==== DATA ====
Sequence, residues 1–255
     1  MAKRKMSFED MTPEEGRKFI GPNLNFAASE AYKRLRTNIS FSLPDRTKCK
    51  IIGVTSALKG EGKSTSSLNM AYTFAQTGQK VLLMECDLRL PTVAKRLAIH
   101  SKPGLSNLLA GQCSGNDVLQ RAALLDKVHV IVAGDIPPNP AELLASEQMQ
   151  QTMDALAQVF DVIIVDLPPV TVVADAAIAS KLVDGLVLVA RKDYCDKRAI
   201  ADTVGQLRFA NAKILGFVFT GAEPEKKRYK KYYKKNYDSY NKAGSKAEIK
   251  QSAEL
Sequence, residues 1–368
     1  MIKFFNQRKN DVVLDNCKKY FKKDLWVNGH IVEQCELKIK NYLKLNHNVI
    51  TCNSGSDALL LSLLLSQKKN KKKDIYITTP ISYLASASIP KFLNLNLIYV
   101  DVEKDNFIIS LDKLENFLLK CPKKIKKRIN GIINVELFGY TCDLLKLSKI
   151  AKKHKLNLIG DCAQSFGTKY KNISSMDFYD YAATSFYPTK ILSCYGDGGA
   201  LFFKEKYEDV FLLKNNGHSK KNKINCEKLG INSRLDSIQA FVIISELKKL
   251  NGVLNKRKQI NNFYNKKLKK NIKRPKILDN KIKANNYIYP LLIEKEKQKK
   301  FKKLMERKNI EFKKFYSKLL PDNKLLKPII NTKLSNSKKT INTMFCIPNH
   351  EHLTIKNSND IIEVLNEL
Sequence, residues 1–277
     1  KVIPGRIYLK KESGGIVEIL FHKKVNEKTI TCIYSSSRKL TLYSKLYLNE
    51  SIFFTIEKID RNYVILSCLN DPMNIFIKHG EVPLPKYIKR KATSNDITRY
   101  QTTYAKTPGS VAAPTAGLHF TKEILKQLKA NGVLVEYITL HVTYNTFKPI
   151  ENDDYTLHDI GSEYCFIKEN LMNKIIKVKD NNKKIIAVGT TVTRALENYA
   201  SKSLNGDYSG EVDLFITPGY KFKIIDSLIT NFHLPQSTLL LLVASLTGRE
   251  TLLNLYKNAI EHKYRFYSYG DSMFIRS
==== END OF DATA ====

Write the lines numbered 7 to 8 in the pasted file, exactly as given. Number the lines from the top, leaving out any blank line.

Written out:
   251  QSAEL
Sequence, residues 1–368